Posts tagged ‘“just for fun”’

85. Kat Kong by Dav Pilkey

kat kongRetell: Explorers from Mousopolis land on an uncharted island where they meet the terrifying “beast” Kat Kong.  They bring him back to Mousopolis in order to seek fame and fortune.  When Kat Kong escapes his shackles, citizens are terrified.

Topics: cats, mice, greed, exploration, monsters, humor, puns

Units of Study: Fantasy

Tribes: mutual respect

Habits of Mind: finding humor

Reading Skills: monitoring for sense

My Thoughts: This is the adorable sequel to Pilkey’s book, Dogzilla. Similar to the style of Dogzilla, Kat Kong includes ‘cheesy’ puns and idioms, all related to cats.  For example, when Kat Kong ravages the city the butcher cries, “The cat’s got my tongue!”  I plan to read this book aloud when I want to focus on the reading skill monitoring for sense.  I find that many books written for upper elementary students are highly engaging, but can also be really confusing.  Many of my students are English Language Learners and often don’t understand when an author slips in a joke.  Using Kat Kong as an a model could remind students to seek out humor throughout their reading.

September 20, 2009 at 8:18 pm 1 comment

73. David Goes to School by David Shannon

david goes to schoolRetell: David is a rambunctious boy who wreaks havoc at school.  After coloring on the desks he stays in after school to clean them up.

Topics: school, rules, behavior, bathroom, calling out

Units of Study: Personal Narrative

Tribes: mutual respect, attentive listening, personal best

Writing Skills: using memories to generate notebook entries

Thoughts: Here is a just-for-fun read aloud for the first day of school.  It’s a great read for beginning a discussion about rules, agreements and norms.  If you have access to Guys Read you may want to share David Shannon’s story about how he created the David books.  The anthology has cool original pictures of the young version of his other book No, David!

September 7, 2009 at 11:03 pm Leave a comment

68. Old MacDonald Had an Apartment House by Judi Barrett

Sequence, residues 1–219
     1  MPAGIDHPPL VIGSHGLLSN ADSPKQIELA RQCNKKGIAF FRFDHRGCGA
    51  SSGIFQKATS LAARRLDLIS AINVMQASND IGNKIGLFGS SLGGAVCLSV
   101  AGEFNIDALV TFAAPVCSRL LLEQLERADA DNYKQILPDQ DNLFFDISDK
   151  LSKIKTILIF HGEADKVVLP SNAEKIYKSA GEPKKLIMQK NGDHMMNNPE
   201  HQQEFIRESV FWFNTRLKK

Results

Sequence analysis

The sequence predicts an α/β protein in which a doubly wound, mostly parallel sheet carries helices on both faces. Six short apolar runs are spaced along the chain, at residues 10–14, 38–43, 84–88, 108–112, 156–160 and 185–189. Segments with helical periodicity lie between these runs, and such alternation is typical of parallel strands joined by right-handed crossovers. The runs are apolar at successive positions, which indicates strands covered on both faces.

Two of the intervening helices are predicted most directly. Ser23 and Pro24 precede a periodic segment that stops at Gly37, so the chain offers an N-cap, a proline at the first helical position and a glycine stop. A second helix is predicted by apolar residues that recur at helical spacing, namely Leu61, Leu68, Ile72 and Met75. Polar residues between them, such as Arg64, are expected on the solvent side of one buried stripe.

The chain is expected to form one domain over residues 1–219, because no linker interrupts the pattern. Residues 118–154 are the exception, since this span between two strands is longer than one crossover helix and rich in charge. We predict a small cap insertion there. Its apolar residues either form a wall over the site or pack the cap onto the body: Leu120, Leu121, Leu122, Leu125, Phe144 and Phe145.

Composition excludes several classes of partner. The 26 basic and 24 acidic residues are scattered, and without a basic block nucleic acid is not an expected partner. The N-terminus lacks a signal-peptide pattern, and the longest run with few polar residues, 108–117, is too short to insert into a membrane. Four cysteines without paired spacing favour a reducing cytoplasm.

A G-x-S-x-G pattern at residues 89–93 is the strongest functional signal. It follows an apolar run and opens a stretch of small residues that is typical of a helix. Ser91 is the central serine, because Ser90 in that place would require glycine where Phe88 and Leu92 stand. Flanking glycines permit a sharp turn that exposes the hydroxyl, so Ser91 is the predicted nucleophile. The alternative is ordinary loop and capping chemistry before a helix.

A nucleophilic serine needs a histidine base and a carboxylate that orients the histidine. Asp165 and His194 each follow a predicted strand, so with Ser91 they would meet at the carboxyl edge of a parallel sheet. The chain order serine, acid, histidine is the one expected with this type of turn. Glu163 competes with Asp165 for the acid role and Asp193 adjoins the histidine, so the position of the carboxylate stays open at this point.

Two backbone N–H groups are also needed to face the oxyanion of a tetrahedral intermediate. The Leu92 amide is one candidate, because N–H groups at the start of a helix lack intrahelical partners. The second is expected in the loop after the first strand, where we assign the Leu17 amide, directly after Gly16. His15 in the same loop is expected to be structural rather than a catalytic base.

old macdonald had an apartment houseRetell: A super decides to turn the apartment building he manages into a vegetable garden.  When Mr. Wrental, the owner, finds out he’s furious.  But when he thinks about all the money he could make, the owner has a change of heart.

Topics: gardening, apartments, cities, indoor gardening

Units of Study: Social Issues, Realistic Fiction

Habits: thinking flexibly

Reading Skills: Prediction, making connections

Writing Skills: Using the ‘rule of three’ when listing examples

My Thoughts: This is a very cute book by the author of Cloudy With a Chance of Meatballs.  Before reading this book aloud, you may want to find a copy of Grant Wood’s painting American Gothic so students will understand the joke behind the cover illustration.  I can certainly identify with the characters in this book.  Both my apartment and my classroom get little to no light.  My classroom doesn’t have any windows at all so I wrote a grant proposal for a GroLab on Donors Choose and it was funded in three days!  When it arrives I plan on reading this book to the class.  Perhaps after the read aloud we’ll try growing vegetables.

September 3, 2009 at 12:05 am Leave a comment

63. Miss Malarkey Doesn’t Live in Room 10 by Judy Finchler

miss malarkey doesn't live in room 10Retell: A student is convinced that his teachers live at school.  His theory is challenged when Miss Malarkey moves into his apartment building.

Topics: teachers, school

My Thoughts: Several weeks ago Colleen Cruz conducted a workshop on interactive read aloud at our school.  In addition to doing interactive read aloud each day she suggests that we also tuck in moments when we read aloud books that are just plain fun.  Miss Malarkey Doesn’t Live in Room 10 is one of those ‘just for fun’ books.  I wonder how many of my students actually believe that I live in an apartment and not in my classroom?  I plan on reading this aloud sometime during the first week of school.  Perhaps I can use ‘just for fun’ read alouds as an incentive to get students to the rug faster.

August 28, 2009 at 9:10 am Leave a comment


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